[92] hello~

I don’t know what to call this post. Haha~It’s been a while since my last re/post. I am currently doing my daily duties as a corporate slave in a coffee shop, while listening to the shop’s jazz playlist. I am still the corporate slave slash graduate student.

This school semester, I am taking up Translation Studies. I’ve waited for many semesters for this elective! Most of the required readings are familiar to me  because I’ve been reading translation theories on the side for several years. The challenge for this subject is the language used in the subject. It is in Filipino.

Yes, I am a Filipino who suck in speaking and writing in the proper grammar. Most Filipinos that speak in Filipino uses the colloquial grammar mixed with Tagalized words and regional languages. However, it’s not academic language. My professor is a seasoned translator and writer, who speaks beautifully in Filipino. He doesn’t use the good ol’ Balagtasan nor the difficult words. He uses the proper words that we, normies, would replace with English adjectives or Tagalized adjectives.

For my first essay in class, we were required to read the essays of Dryden, Schoepenhauer, and Schleiermacher in Filipino. I had to look for the English translation of the essays and do an intertext analysis just to understand it in Filipino. It was an embarrassing and a strange experience, especially when I am aspiring to be a good translator.

I really need to improve my language skills (Filipino, Japanese, English). Reading well doesn’t translate to writing well. My research professor gave me a feed back years ago that I have great ideas and can do an oral presentation well,  but my weakness is writing. I must write more.


[FG01] Beyond Gunpla & Bishounens

Originally posted at: FlipGeeks

A.D. 1999- While most girls of my age would declare their love for Tamahome, Hotohori, or any of Miaka’s Suzaku no Senshi, my friends and I spent our afternoons geeking about the pilots and mobile suits of Gundam Wing.

For some purist fans of the series, Gundam Wing was an insult to the Gunpla franchise and was looked down for having bishounen looking characters. They often accuse the series as a mecha series created for girls (Read: Frozen Teardrop). Well, it’s a crime as an anime/manga fan to not have appreciation for good-looking fictional characters, especially if they pilot awesome looking mobile suits.

Back in the age of dial-up connection and prepaid internet cards, fangirling for a franchise whose demographics are mainly males and toy collectors was difficult. I relied on anime websites, and Tokyo Pop serialization of the manga. My interest for plot became my introduction to Japanese studies, as well as  to International Relations. Beyond the gunpla kits, doujinshis, and other fandoms, the Wing series owns a  rather realistic plot. Of course, the fictional roots of the Gundam series was born out of Japan’s traumatic cultural and political history.

The cultural history of the mecha/robot culture in the 1960s was an indicator of the improving economy and industrial technology of post-WWII Japan, which prospered during the event of technological revolution: the television. From here, sub-genres of the mecha/robot anime flourished. Most mecha/robot series (like Astroboy, Tetsujin-28, and early tokusatsu series) promised a bright future with more advanced technology and space age gadgets and vehicles. However, the birth of Gundam in 1979 introduced a different face of the Mecha/Robot genre. Mobile Suit Gundam was “introduced as a sort of paradox: a war show about giant war machines that was in fact anti-war at heart.”  (Hikawa, 5) The series echoed fragments of Japan’s social, cultural, and political memories of WWII and the rebuilding of a nation and its identity after the war.  

Each series is set in its own fictional universe (Universal Century, Future Century, After Colony, Common Era, etc.), dealing with war narratives between fictional nations (colonies), and characters undergoing their own bildungsroman.  The different series and timelines of Gundam does explore different social science issues.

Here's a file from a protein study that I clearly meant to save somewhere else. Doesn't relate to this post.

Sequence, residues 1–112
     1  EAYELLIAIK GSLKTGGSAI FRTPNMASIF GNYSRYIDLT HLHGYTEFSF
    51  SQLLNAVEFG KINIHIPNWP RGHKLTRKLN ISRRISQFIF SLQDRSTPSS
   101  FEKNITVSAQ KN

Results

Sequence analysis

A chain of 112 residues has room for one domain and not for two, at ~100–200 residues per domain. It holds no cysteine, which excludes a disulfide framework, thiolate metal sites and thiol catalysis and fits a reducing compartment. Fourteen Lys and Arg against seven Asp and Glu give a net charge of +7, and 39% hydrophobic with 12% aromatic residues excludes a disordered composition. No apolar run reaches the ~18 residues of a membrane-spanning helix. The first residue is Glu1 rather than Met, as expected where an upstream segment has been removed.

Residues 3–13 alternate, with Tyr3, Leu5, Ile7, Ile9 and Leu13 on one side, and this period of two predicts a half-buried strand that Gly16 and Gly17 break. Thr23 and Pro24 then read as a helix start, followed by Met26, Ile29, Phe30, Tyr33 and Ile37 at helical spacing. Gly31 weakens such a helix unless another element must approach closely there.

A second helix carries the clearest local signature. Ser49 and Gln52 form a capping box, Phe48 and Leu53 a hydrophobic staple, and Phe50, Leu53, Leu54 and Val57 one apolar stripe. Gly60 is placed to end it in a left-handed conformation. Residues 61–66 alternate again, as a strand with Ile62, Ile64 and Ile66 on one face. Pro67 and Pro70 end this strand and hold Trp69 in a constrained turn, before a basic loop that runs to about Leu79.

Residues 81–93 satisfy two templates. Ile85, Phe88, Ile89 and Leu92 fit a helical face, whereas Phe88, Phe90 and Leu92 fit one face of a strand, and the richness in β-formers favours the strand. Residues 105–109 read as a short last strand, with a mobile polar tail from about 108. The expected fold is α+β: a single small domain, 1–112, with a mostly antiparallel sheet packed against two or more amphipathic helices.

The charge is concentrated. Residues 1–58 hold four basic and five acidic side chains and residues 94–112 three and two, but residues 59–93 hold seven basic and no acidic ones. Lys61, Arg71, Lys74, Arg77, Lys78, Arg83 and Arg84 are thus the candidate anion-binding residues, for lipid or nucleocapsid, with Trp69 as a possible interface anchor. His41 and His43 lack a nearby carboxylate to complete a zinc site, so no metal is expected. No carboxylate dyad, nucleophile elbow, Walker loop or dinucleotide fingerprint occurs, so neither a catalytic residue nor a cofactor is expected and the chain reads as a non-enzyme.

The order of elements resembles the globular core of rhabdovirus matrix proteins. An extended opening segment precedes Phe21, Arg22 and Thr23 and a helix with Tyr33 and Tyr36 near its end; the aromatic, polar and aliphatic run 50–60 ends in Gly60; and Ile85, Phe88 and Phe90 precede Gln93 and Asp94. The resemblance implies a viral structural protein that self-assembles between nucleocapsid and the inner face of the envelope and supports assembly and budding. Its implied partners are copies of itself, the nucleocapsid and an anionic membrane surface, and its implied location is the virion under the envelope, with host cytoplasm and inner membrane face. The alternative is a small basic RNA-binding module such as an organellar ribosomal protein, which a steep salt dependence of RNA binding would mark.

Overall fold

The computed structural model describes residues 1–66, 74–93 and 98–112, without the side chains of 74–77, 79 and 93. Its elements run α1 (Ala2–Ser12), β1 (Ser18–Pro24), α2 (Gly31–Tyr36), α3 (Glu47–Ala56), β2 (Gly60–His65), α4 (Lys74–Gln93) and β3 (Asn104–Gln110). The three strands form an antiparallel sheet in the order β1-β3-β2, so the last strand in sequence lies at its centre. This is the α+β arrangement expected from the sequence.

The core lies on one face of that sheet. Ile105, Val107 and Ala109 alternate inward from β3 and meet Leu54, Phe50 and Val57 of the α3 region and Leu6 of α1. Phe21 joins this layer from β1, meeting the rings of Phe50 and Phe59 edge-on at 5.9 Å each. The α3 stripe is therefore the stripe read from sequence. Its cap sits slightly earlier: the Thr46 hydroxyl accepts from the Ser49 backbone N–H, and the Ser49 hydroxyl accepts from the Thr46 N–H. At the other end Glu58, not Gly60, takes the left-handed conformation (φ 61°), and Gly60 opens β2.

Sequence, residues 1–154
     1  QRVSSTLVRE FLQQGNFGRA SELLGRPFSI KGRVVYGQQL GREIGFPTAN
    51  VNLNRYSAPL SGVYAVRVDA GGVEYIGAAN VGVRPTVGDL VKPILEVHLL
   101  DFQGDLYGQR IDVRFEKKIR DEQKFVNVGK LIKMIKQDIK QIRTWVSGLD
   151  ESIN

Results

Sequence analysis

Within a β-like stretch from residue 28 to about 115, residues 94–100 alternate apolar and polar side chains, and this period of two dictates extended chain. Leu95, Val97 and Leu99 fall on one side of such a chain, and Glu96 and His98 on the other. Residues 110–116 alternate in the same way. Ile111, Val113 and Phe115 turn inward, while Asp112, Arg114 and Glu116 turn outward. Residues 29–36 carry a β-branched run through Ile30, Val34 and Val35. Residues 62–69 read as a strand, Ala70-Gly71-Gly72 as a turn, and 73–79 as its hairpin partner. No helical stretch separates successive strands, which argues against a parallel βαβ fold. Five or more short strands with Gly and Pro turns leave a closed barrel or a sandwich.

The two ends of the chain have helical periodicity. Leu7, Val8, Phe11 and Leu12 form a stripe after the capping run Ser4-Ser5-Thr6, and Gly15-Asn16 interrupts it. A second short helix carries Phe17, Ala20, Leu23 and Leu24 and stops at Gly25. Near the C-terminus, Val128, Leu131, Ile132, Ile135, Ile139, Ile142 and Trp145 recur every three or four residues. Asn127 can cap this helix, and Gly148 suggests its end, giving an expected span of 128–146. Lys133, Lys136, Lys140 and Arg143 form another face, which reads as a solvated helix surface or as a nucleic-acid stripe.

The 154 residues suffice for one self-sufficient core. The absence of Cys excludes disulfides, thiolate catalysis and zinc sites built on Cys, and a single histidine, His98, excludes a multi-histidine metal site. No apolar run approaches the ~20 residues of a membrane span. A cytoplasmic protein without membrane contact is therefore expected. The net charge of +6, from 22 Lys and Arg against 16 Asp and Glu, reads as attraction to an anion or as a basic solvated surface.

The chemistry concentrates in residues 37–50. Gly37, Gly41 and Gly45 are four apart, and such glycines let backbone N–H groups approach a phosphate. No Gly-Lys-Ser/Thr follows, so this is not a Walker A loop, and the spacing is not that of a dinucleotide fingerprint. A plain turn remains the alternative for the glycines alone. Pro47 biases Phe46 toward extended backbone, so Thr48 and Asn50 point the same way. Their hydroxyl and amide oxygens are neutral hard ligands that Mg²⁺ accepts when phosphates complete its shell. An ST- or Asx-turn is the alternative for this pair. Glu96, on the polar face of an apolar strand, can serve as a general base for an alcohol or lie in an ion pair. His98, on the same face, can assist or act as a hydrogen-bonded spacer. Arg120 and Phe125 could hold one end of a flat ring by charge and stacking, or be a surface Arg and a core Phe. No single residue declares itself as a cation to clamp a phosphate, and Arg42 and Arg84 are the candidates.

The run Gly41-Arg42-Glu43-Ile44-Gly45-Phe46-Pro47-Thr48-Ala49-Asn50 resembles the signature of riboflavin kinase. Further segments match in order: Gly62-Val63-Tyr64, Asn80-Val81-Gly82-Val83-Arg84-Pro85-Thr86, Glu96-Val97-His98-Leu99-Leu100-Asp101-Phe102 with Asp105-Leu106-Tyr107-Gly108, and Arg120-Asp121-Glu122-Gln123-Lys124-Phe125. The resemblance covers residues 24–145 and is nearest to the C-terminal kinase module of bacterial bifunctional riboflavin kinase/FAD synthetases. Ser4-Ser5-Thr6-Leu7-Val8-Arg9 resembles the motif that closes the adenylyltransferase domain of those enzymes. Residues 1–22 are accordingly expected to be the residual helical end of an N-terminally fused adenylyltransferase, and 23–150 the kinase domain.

For now, I’d like to concentrate on the turmoil of the After Colony (A.C.) timeline. The A.C. timeline was born out of failed international relations, death of a leader, and twisted obsession for justice and freedom in a form of defense treaties.

The familiarity of the fictional events does not only reflect pieces of history, but a sneak of a possible future. The idea of space colonization began way back in the 1980s. A former member of United States Department of State mentioned in Foreign Affairs journal that colonies will protect humans in case of a global nuclear warfare. This very same idea is used in Gundam Wing.

The creation of the Lagrange colonies by nations served as migrant spaces for fleeing nations due to rising international disputes, These space colonies are not just scientific, but political and economic as well. Each colony in the Lagrange point is composed of different nations, with economic similarities to the ones they have on Earth. L1 colony is an island-type for multiple colonies (nations), L2 and L3 were undescribed, but composed by multiple nations, L4 cluster is similar to the Middle-East and is occupied by oil magnates, while L5 owned by a clan exiled from  China. The identity composition of the colonies somehow represents the present economic standing of different nation-states. However, economic stability doesn’t equate to political standing.  The supposed to be governing body between nations and colonies, in the form of United Earth Sphere Alliance (UESA) became the very fuel of the continuous dispute by the funding of Romefeller Foundatiion, a conglomerate that keeps a secret military  known as OZ (Order of the Zodiac).

If we further dissect the fictional history of Gundam Wing, we’ll definitely find that the series is a political thriller, with complex characters masking different political agendas. (The character back stories can be further explored in the Frozen Teardrop arc.)

The romanticism for war, obsession for power, and the thirst for change have always been catalysts for historical disputes. In the wise words of Mariemeia Kushrenada in Gundam Wing~Endless Waltz~, “History is much like an endless waltz; the three beats of war, peace, and revolution continue on forever.”

Relating it back to the traumas of war, as experienced by the Japan, Gundam is probably the Japan’s alternative war narrative- where in war atrocities were not part of their history and with the constant hope the peace will always reign and remain.


___________“A Cultural History of Robot Anime”. Japanese Animation Guide: The History of Robot Anime. Commissioned by Japan’s Agency for Cultural Affairs Manga, Animation, Games, and Media Art Information Bureau, 1 Jan. 2013. Web. 17 Mar. 2015. <http://mediag.jp/project/project/images/JapaneseAnimationGuide.pdf&gt;.